China’s economy could be heading for a worse-than-expected first-quarter contraction after the country’s manufacturing sector reported activity at a record low in February due to the coronavirus outbreak.
The manufacturing purchasing managers’ index plunged to 35.7 in February from 50 the previous month, according to data released by the National Bureau of Statistics on Saturday. Even before that data, the median forecast of economists surveyed by Bloomberg News was that the economy would shrink in the three months through March from the last quarter of 2019, and the surprisingly weak data prompted further cuts to that view.
Gross domestic product may now shrink by 2.5% in the first quarter from the previous period, Nomura Holdings Inc. economists led by Lu Ting said in a report Saturday after the data release. That was a cut from their previous forecast of -1.5% in a Bloomberg survey last week. Standard Chartered (LON:STAN) Plc already expected a 1.5% contraction before the data, while Australia & New Zealand Banking Group Ltd. is forecasting a 2% drop, according to reports after the release.
Bloomberg Economics now expects a contraction of 3%, but cautioned that it’s subject to considerable uncertainty.
“The extent of the slump in China, the blow to global supply chains, and the trajectory of the outbreak in China and globally are all difficult to gauge with a high degree of accuracy,” Bloomberg economists led by Chang Shu wrote in a report.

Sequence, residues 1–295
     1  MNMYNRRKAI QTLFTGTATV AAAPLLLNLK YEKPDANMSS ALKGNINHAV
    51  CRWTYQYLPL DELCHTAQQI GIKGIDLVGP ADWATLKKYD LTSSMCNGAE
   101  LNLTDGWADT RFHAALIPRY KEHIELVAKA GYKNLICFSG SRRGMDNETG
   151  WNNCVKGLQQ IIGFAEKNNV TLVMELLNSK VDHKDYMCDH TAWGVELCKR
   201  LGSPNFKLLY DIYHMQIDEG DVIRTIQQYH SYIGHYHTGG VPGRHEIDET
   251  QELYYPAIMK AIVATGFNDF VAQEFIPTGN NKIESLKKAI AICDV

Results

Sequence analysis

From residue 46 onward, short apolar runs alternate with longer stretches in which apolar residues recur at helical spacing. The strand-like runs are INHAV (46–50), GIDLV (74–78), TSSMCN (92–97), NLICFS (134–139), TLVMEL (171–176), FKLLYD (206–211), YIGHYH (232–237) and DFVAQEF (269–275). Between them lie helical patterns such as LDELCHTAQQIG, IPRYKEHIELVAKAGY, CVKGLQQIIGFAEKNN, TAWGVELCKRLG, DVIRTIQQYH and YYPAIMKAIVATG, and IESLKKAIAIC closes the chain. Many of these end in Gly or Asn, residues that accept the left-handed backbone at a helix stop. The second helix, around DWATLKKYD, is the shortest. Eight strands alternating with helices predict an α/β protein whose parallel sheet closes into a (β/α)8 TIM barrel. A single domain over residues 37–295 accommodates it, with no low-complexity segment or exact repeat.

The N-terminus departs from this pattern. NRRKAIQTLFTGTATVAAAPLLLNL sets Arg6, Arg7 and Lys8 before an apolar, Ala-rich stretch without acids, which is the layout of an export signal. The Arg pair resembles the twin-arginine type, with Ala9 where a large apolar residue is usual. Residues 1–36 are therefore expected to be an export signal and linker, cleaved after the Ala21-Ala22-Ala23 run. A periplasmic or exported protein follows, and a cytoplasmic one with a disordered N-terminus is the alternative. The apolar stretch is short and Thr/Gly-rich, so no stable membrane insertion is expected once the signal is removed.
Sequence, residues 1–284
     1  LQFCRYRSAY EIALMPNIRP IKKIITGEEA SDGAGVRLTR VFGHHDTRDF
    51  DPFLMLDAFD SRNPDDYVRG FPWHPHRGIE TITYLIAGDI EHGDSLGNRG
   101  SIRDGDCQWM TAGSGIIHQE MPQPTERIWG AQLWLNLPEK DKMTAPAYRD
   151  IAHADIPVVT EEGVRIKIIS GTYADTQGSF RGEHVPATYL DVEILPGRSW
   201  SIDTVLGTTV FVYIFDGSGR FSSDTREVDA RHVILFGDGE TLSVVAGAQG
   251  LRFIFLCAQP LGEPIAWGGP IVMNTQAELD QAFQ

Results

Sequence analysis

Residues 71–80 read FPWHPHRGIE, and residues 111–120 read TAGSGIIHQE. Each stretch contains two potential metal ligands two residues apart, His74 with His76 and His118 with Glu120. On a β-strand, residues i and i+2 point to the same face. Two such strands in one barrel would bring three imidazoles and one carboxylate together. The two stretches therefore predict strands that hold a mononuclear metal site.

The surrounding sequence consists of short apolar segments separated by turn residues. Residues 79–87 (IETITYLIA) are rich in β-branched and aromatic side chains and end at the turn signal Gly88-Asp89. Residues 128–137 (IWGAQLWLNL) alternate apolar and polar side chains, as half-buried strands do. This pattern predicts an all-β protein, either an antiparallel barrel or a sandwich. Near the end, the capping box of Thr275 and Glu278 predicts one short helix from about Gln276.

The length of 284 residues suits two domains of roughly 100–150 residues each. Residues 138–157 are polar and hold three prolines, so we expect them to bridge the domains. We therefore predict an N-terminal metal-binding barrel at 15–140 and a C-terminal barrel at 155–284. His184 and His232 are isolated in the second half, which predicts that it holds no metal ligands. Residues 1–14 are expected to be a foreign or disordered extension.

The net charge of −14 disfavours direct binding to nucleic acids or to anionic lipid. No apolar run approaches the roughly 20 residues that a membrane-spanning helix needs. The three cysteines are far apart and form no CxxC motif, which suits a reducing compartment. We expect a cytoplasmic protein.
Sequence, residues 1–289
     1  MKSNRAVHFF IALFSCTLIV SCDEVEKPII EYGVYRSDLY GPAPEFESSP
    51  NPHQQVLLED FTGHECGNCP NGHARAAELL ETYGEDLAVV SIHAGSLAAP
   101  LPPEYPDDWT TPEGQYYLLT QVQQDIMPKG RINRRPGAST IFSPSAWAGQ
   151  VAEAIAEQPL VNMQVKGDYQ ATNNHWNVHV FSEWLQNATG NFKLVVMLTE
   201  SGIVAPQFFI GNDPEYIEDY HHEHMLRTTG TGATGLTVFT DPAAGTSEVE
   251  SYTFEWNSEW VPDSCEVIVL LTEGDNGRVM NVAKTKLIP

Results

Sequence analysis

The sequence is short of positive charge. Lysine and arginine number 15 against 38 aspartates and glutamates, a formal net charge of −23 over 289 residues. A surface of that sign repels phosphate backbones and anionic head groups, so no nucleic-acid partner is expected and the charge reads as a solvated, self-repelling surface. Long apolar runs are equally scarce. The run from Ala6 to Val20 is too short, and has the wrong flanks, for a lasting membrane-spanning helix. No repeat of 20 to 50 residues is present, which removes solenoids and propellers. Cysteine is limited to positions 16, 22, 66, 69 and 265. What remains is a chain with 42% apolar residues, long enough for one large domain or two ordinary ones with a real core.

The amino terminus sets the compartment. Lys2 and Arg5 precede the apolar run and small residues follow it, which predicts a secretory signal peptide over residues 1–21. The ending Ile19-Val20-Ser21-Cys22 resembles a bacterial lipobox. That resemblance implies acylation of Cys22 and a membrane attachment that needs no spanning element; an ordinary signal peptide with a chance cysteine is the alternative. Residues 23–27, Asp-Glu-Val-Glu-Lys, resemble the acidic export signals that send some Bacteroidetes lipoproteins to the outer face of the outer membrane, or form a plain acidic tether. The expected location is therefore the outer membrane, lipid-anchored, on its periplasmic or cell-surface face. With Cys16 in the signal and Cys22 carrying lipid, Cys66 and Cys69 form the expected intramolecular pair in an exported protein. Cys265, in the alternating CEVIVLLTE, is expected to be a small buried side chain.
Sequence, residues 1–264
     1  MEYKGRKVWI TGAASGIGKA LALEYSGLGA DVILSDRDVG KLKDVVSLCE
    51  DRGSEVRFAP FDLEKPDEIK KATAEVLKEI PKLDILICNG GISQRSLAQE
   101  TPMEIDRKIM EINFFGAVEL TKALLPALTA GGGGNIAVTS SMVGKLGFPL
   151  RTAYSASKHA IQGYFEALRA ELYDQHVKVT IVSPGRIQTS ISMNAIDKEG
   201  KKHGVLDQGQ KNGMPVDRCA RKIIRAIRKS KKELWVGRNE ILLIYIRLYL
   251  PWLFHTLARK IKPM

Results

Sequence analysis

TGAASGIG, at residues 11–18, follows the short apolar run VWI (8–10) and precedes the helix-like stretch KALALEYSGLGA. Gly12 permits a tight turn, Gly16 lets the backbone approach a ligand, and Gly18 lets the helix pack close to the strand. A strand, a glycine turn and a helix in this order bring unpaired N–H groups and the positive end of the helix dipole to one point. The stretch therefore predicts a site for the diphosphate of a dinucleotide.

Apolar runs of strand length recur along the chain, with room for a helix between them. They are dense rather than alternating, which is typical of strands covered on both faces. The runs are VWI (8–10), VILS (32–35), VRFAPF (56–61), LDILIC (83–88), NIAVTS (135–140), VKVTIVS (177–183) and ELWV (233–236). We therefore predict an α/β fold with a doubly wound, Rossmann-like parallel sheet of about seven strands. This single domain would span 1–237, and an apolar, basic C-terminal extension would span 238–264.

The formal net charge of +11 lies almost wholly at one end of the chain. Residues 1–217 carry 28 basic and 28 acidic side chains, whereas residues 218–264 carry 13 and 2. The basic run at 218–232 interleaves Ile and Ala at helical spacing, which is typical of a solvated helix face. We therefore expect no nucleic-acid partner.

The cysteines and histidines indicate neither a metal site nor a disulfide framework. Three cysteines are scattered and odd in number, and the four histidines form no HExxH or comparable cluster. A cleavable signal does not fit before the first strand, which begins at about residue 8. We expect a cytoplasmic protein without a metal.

China Factory Activity Weakest on Record Due to Coronavirus
If the economy were to contract, it would be the first time that’s happened in comparable data dating back to 2011.
Pacific Investment Management Co. also sees the virus outbreak causing a contraction, forecasting a 6% annualized drop in China’s first-quarter GDP, while Barclays (LON:BARC) Bank Plc economists see an 8.9% drop, followed by a quick recovery. Pimco’s view gels with Goldman Sachs Group Inc (NYSE:GS). economists, who said in a report Friday that global GDP will shrink on a quarterly basis in the first two quarters of this year before rebounding in the second half.
The factory PMI data may improve in March, CICC analysts including Yue Yan wrote in a note Saturday.
“Strenuous containment measures were taken after the outbreak of COVID-19, which understandably dampened economic activities in the short term,” they wrote. “With the outbreak gradually under control, government agencies have been clearing the unwanted obstacles for production resumption.”
Nomura’s Lu also expects the March PMIs to rebound, but says activity data will be zero or negative as businesses won’t be completely back.
On a year-on-year comparison, the median forecast for first-quarter GDP growth is 4.3%. That was before Saturday’s data. Nomura and ANZ both now see it rising 2%, while Standard Chartered expects a 2.8% expansion.
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